1. In the Scales of the Universe walkway in the Rose Center for Earth and Space, the Hayden Sphere serves as a scale of reference for exploring the relative sizes of objects and our place in space. For example, if the Hayden sphere - 26.5 meters (87 feet) in diameter - were the size of the Sun, then Jupiter would be 2.7 meters (9 feet) across, while earth would would be a mere 24 centimeters (9.5 inches) in diameter! 
Learn more about the Rose Center for Earth and Space.

    In the Scales of the Universe walkway in the Rose Center for Earth and Space, the Hayden Sphere serves as a scale of reference for exploring the relative sizes of objects and our place in space. For example, if the Hayden sphere - 26.5 meters (87 feet) in diameter - were the size of the Sun, then Jupiter would be 2.7 meters (9 feet) across, while earth would would be a mere 24 centimeters (9.5 inches) in diameter! 

    Learn more about the Rose Center for Earth and Space.

  2. thecreatorsprojecta group that celebrates artists who are using technology in innovative ways, got an in-depth look into the making of the new Hayden Planetarium Space Show Dark Universe. Their video features the team behind Dark Universe and details how they produced the stunning (and scientifically accurate) visualizations of our universe. Check it out!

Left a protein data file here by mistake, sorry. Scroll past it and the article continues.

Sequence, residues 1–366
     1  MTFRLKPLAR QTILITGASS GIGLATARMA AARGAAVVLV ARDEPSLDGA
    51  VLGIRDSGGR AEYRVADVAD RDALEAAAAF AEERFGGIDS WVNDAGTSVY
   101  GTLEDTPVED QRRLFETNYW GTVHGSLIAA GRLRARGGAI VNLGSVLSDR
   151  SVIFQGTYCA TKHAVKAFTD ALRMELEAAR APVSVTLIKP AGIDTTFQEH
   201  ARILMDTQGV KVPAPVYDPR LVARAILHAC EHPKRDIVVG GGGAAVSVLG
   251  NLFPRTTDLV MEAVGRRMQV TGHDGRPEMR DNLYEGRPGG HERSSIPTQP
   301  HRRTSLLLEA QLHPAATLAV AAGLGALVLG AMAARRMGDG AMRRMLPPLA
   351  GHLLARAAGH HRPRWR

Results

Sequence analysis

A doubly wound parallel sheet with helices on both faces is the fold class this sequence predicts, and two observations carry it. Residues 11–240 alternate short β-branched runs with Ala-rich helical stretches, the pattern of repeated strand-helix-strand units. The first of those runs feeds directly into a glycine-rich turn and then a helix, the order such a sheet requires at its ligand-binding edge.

3. Watch the full 2014 Isaac Asimov Memorial Debate, hosted by Neil deGrasse Tyson.

  4. Space exploration is entering a new era. Dozens of aerospace companies have emerged in recent years, all with the goal of commercializing space as never before. From serving NASA’s cargo needs to sending tourists on space vacations to mining asteroids for profit, this next generation of entrepreneurs, and not NASA, may be the ones who transform space into our backyard, possibly creating the first-ever trillionaires.
Listen in as entrepreneurs and historians debate the future of space exploration in the podcast of the Isaac Asimov Memorial Debate: Selling Space (hosted by Neil deGrasse Tyson).